TAPPER: Right? They said that ATF had nothing to do with guns going over into Mexico. That wasn’t true. And it took them until December 2011 to take that back. Does — is there not a legitimate investigative and oversight responsibility to find out what the Department of Justice knew when they were giving false information to Congress?

CARNEY: I think they — first of all, I think that matter has been thoroughly discussed in congressional testimony, including nine appearances by the attorney general, including the 7,600 — 7,600 documents that have been provided.

TAPPER: But –

CARNEY: The issue — look, I would refer you to a leading member of Congress in the Republican Party who himself called this politics. I think most people in this room understand that this is about politics. It is not about an effort to divine the truth in a serious matter, which is why the tactic used in this operation was used, how it originated and the consequences of using it.

This administration takes very seriously — the attorney general, as demonstrated by the actions he took, takes it very seriously. And he has demonstrated his willingness to try to reach a resolution to this matter with congressional investigators.

To this point, the interest of House Republicans has been to use this politically, as they previewed for the world in the beginning of this year when they made clear that that was one of their chief goals of the year.

TAPPER: Jay, one last question -

CARNEY: Mmm hmm.

TAPPER: — and that’s the family of Brian Terry, the slain Border Patrol agent, at whose murder scene at least two of these guns were found, they disagree with your characterization about these investigations. They say that the attorney general’s “refusal to fully disclose the documents associated with Fast and Furious and President Obama’s assertion of executive privilege serves to compound this tra — tragedy. It denies the Terry family and the American people the truth.” That’s a statement from the Terry family lawyer.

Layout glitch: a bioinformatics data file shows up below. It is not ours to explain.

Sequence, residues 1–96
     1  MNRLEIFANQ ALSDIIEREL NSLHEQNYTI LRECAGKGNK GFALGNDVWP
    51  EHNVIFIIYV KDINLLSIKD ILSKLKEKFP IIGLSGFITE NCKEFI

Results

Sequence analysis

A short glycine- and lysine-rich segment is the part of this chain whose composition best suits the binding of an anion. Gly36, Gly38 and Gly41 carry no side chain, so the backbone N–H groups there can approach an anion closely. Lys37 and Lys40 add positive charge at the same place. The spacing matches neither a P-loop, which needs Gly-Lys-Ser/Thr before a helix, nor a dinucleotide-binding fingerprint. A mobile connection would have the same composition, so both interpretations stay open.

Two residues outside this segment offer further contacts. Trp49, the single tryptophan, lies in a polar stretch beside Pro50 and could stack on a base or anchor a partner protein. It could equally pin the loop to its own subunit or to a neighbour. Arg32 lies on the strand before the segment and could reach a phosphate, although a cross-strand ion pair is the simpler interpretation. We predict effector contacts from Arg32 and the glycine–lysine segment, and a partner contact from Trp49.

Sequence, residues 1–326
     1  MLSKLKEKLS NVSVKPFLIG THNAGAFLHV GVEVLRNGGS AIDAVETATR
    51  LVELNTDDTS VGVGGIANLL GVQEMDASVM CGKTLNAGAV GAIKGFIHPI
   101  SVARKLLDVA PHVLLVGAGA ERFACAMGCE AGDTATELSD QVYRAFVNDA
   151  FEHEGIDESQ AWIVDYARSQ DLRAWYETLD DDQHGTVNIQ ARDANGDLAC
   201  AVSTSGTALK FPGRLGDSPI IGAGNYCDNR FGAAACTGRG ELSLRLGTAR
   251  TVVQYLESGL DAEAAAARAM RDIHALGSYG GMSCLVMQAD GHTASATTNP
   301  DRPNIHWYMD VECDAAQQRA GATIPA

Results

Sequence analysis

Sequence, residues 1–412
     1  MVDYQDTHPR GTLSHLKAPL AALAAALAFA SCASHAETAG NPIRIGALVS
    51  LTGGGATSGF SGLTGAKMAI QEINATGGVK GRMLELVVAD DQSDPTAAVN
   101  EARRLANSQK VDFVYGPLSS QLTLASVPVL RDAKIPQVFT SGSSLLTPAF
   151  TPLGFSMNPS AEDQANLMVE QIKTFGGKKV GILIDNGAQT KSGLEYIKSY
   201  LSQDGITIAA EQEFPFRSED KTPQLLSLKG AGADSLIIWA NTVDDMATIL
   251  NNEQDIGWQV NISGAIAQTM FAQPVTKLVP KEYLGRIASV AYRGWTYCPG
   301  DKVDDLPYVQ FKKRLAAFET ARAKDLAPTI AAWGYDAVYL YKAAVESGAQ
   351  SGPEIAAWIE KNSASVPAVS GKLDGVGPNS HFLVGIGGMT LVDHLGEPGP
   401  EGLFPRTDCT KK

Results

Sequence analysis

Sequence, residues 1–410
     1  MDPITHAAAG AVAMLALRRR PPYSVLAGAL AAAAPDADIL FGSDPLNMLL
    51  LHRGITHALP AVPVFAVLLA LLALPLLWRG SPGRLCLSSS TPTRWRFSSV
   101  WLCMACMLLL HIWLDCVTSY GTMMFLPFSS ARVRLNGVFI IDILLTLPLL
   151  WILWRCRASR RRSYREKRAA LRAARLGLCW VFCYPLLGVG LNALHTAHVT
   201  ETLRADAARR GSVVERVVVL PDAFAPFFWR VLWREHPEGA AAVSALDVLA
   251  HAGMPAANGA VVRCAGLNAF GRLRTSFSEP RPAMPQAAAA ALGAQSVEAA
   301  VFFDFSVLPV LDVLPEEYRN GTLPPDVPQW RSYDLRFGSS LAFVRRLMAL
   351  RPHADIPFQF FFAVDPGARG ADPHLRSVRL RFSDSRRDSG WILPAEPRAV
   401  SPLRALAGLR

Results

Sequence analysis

CARNEY: Well, look, we absolutely agree with the need to find out the truth about why Fast and Furious happened, why the tactic that, again, was employed in the previous administration in different operations and was stopped by this attorney general — why it came about. And that’s why the attorney general referred it to inspector general. That is why we have provided Congress every document that pertains to the operation itself that is at issue here when you talk about the family that you referred to.

TAPPER: The Terry family.

CARNEY: The Terry family. And that is separate from an attempt by members of Congress — Republican members of Congress to try to score political points — as Senator Grassley referred to, his desire for political scalp — that is — that is separate from trying to find out the truth about what happened in this operation, which this administration has been pursuing since the attorney general discovered it.

Get more pure politics at ABC News.com/Politics and a lighter take on the news at OTUSNews.com